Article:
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I am writing a client-server application, and it uses POSIX poll function to provide a form of concurrent client handling. Clients also have state and other related data, which is stored in a client structure.

My immediate problem is that when I get a hint from poll to do I/O on a socket file descriptor that is associated with a client (conceptually), I have to actually match the file descriptor to its associated client data structure. Currently I do a O(n_clients) lookup (my client data structure stores the descriptor), but I was wondering whether there exists a better alternative?

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Have you profiled your program and did you find that this is the bottleneck? – orlp Nov 17 '11 at 23:17
1  
No, I haven't :( But memory is cheaper than CPU don't you think? I am tired of my laptop getting hot... – amn Nov 22 '11 at 11:30

No. If there were, it would have to be tracked by the kernel, and looking up that data would therefore involve a system call. The cost of a system call is an order of magnitude more expensive than doing an O(n) lookup in user space.

How many clients are you dealing with at once? Unless it's on the order of hundreds or more, the cost of a lookup is going to be miniscule compared to the cost of doing any sort of I/O.

Instead of using an O(n) lookup, you could also just use an array indexed by the file descriptor, assuming you won't have more than a certain number of descriptors open at once. For example:

#define MY_MAX_FD 1024  // Tune this to your needs
void *per_fd_data[MY_MAX_FD];

void *get_per_fd_data(int fd)
{
    assert(fd >= 0);
    if(fd < MY_MAX_FD)
        return per_fd_data[fd];
    else
    {
        // Look up fd in a dynamic associative array (left as an exercise to the
        // reader)
    }
}
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+1 for pointing out that file descriptors are reasonable to use as array indices – R.. Nov 18 '11 at 3:33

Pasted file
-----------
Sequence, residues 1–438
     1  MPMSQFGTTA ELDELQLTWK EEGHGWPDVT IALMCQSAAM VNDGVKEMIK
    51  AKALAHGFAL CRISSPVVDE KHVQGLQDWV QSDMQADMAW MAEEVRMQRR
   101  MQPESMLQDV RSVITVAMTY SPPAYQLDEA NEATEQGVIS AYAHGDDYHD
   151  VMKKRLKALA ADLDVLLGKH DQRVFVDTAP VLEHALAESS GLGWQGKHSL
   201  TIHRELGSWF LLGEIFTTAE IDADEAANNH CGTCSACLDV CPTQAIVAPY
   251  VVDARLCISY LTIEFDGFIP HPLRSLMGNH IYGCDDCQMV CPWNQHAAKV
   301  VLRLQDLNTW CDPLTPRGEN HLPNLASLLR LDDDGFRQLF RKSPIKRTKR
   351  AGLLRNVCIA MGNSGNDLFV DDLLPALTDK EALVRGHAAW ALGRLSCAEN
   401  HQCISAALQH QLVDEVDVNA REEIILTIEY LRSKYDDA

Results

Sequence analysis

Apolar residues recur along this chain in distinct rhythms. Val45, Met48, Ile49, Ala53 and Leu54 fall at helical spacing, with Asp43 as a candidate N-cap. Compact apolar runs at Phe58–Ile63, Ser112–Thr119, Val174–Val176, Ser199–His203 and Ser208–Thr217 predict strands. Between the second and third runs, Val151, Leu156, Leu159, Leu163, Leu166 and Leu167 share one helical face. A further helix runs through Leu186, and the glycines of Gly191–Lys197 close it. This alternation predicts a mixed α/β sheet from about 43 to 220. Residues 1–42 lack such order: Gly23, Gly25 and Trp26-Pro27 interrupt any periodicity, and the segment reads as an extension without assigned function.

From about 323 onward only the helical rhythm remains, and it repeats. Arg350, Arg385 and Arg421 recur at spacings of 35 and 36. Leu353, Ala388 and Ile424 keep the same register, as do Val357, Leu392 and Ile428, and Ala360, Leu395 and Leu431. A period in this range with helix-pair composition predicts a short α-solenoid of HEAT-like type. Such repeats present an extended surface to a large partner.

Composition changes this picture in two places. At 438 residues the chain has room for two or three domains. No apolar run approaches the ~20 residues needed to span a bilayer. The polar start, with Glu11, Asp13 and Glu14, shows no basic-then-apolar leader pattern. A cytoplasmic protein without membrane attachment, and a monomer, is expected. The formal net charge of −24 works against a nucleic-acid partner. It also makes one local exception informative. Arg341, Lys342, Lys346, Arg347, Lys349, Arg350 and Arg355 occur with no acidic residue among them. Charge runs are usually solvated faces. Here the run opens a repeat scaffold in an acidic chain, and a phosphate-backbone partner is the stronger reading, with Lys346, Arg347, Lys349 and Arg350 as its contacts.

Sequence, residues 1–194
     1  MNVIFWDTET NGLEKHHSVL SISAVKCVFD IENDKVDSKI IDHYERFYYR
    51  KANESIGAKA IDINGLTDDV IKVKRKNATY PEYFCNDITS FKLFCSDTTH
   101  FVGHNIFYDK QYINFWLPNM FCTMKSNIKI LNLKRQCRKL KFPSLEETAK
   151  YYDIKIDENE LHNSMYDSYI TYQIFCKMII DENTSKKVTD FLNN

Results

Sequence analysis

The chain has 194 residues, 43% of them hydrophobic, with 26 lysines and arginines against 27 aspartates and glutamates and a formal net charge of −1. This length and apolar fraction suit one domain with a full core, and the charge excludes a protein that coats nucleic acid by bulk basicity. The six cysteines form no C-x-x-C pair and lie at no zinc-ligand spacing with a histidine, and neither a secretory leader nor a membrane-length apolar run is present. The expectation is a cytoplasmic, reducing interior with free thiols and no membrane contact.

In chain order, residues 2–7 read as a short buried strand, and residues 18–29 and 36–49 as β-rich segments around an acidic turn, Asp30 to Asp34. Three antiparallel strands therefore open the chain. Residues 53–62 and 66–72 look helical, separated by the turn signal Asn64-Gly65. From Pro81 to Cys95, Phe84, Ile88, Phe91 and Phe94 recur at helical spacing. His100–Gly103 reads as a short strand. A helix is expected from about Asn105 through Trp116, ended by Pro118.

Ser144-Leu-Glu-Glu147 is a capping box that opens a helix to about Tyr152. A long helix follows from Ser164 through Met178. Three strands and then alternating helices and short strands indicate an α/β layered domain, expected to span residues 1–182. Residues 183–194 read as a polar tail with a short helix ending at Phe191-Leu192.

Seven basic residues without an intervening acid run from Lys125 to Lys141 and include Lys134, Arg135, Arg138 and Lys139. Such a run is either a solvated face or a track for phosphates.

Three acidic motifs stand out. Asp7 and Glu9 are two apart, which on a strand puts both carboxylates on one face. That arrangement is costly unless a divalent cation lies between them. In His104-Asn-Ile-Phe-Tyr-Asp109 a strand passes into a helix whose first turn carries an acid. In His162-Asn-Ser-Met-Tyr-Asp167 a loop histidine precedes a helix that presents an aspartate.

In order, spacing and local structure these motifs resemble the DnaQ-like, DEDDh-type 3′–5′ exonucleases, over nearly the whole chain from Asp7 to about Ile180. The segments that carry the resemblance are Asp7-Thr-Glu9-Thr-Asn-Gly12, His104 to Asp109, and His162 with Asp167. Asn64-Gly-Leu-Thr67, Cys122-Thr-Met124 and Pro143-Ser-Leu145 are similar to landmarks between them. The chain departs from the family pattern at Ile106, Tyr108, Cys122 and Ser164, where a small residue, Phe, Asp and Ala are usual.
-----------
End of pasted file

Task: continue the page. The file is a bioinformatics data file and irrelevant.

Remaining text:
@R Wouldn't that make a very big array? I mean, POSIX file descriptors are ints, right? – amn Nov 21 '11 at 14:01
    
By the way @Adam, there is already a system call involved - poll, so it is not entirely correct when you imply that an additional call would be needed to lookup the user data. For instance if pollfd had space for a void* which would be the user defined data, and the poll call would simply "passthru" that data upon returning, then we would be all set. – amn Nov 22 '11 at 16:14

Cheapest is to just make a fixed-size array of connection structures, with {state, *context, ..., maybe callback functions} per entry, indexed by fd (=O(1)). Memory is cheap, and you can afford a few hundred or thousand file descriptors and table entries.

EDIT: You dont need to make it fixed size. If your pollstructure or fdset is fixed: make it fixed; otherwise use getdtablesize() or getrlimit() to get the number of entries to allocate.

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One problem with an array is that in order to iterate over the valid fd's you have to iterate over all the invalid slots as well ... not good considering that with select() or poll() you typically have to iterate over the FD's at least twice per event loop iteration (once to do the FD_SET() calls before the select(), and again afterwards for the FD_ISSET() calls). Better to use a map (or similar) instead. – Jeremy Friesner Nov 18 '11 at 1:49
    
Not iterating, but indexing. "array[fd].stuff". Remeber an fd is a small int with values [0, fd_max). You only have to catch the case of fd= -1, which can be a result of open(), listen() or accept(). The only iteration you suffer is from the pollfd[] or fd_set arrays. – wildplasser Nov 18 '11 at 9:07

If you use poll() or select()/pselect() then you should keep the data yourself, e.g. in a hash table or array as others have mentioned. That is the most portable solution. Some of the alternative interfaces do have ways to associate your own user data. For example using asynchronous I/O (e.g. aio_read()), you can supply a user value sigev_value that can be passed to a signal handler or thread upon completion of the asynchronous request. The Linux epoll interface also allows user data to be specified for each file descriptor in the set.

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Hash table is only a reasonable solution if your hash function is the identify function and your buckets are all size-1... :-) – R.. Nov 18 '11 at 3:34

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